An iconic destination set in the California desert, Palm Springs looks like it’s been catapulted straight from a Hollywood film. Lofty palm trees punctuate the view, as a sprawling collection of low-slung buildings span out in all directions in this arid hotspot. We go on a self-driving tour of some of the city’s best mid-century houses and varied architectural gems.
Hot springs, golf resorts and flawless weather might draw some people to Palm Springs, but those in the know will come for an entirely different reason: the architecture. Modernism first hit this resort city in the mid-20th century as part of the movement’s global boom, as wealthy celebrities from nearby Los Angeles commissioned villas out in the desert. Today the city is home to one of the finest collections of modernist architecture in the world.
An urban road trip is undoubtedly the best way to experience Palm Springs if you want to concentrate on its architecture. As you traverse the tarmac, the San Jacinto mountains rise up to frame the views beyond this attractive city. First up on the tour, head south on North Palm Canyon Drive, which will bring you to the Palm Springs Visitor Information Center. This is not your average visitor centre. Housed in a former Tramway gas station on the northern fringes of the city, this may be a functional space, but one that has made its way onto the National Register of Historic Places for its architectural weight. It was built in 1965 by Albert Frey and Robson Chambers, two icons for their impact on the area. Frey, who studied in Paris alongside heavyweights like Le Corbusier, is today considered the founder of the Palm Springs modernist movement. Swing by and soak up the design.
Head south into the city and towards your next architectural pitstop. The Kauffman Desert House, designed by Richard Neutra, is a palatial pad made of gleaming aluminium and sandstone, and is one of the most famous in the region. A fine example of desert modernism, this property was built for retail tycoon Edgar J Kauffman in 1946, and was immortalised by Slim Aarons in his photograph Poolside Gossip, which has long adorned coffee-table books, reproduction prints and, of course, Instagram.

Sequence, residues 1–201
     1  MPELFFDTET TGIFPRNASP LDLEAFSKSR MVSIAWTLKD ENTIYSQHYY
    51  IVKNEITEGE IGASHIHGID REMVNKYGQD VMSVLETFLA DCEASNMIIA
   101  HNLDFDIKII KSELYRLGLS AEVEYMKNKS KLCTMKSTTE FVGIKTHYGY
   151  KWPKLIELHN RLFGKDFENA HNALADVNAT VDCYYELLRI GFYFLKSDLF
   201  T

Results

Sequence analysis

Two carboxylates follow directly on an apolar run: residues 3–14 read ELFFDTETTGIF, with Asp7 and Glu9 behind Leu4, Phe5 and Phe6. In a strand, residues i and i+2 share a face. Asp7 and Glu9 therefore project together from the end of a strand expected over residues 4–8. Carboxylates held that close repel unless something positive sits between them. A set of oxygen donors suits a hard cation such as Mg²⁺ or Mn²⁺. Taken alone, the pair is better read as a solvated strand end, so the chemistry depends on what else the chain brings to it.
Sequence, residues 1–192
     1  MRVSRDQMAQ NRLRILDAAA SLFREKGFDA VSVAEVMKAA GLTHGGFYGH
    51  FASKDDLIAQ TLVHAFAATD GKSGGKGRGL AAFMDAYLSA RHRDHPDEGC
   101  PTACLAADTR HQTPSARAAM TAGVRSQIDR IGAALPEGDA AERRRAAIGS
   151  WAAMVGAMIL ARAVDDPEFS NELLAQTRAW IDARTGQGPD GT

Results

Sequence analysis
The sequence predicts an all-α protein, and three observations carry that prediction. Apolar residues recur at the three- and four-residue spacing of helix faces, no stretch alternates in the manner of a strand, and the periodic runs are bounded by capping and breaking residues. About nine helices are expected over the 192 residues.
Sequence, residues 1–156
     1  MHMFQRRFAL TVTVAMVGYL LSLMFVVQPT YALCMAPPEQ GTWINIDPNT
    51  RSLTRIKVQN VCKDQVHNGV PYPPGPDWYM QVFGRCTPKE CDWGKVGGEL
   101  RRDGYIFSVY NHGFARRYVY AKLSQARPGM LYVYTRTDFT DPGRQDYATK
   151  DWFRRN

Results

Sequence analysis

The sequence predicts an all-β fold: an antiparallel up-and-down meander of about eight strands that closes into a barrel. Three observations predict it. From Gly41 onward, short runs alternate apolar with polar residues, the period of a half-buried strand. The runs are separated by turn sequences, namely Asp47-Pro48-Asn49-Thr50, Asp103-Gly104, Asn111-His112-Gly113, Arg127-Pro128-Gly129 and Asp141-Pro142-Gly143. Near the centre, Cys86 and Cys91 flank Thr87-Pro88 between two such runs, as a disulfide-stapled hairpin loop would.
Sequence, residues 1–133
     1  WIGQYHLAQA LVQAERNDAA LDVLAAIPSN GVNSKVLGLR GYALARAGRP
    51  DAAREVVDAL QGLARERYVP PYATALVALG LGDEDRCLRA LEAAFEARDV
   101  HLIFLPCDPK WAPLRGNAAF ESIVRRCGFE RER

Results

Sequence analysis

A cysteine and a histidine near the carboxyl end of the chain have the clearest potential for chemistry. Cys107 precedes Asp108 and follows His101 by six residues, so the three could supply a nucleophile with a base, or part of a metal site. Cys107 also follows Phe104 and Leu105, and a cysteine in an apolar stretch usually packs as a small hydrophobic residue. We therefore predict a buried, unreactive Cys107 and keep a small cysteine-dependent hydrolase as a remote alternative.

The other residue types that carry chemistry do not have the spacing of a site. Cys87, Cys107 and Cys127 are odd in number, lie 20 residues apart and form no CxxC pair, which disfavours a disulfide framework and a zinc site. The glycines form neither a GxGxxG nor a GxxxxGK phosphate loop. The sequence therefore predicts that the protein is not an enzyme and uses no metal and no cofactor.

For a real-life dose of mid-century architecture and design, continue on to check out the Wexler Steel Houses. Part of a project that aimed to build more than 40 homes using a prefabricated model, Donald Wexler only managed to create seven before the price of steel skyrocketed. Those that remain are worth checking out: a pioneering vision to bring the modernist dream to the masses. Back in 2012, one of the Wexler Steel Houses was the first mid-century structure to be placed on the National Register of Historic Places. Only a handful remain, but it’s worth driving by to imagine what could’ve been.
The vast residence known as the Elvis Honeymoon Hideaway is another surefire hit on any self-drive route through Palm Springs. Designed by William Krisel and Dan Palmer in 1960, this house is where Elvis and Priscilla Presley spent the days following their wedding in 1967. From floating fireplaces and built-in banquette sofas to bold terrazzo flooring, this home pioneered era-defining elements. Though not always open for visits, the exterior is impressive enough.
Driving in this city is a seductive way to soak up the architectural wonders and next up is the Coachella Valley Savings & Loan bank by E Stewart Williams, which is bound to make your current money-saving institution pale in comparison. Sleek and, well, sexy, this building is a great one to check out as you discover this modernism-mad destination. That roof, providing respite from the scorching desert sun, is an iconic addition to the landscape.
Buckle up and carry on to Palm Springs City Hall. Think corrugated metal, poured concrete and heaps of character. The design of this functional building saw the meeting of some of the most prolific architectural minds in the area, and it hints at its proximity to the airport.
End at the Palm Springs Art Museum Architecture and Design Centre to soak up more of the influences that shaped this malleable city. Built in 1976 by E Stewart Williams, this veers more on the brutalist side, but still acts as an ode to the modernist movement and as a home to the work of renowned creatives.
The architectural allure of this modernist hub still reigns today. An oasis of sorts, it’s easy to see why Palm Springs pulled in those looking for something different in the desert. And even the shortest of road trips through its streets will show you why it’s known as the mid-century capital of the US. Whichever way you’re driving, don’t forget to keep an eye out for the painted doors that pop against the desert colour palette, then sink into your surroundings and enjoy the destination that has inspired so many creative minds.
Find out more and start planning your trip now by visitingvisitcalifornia.com/road-trips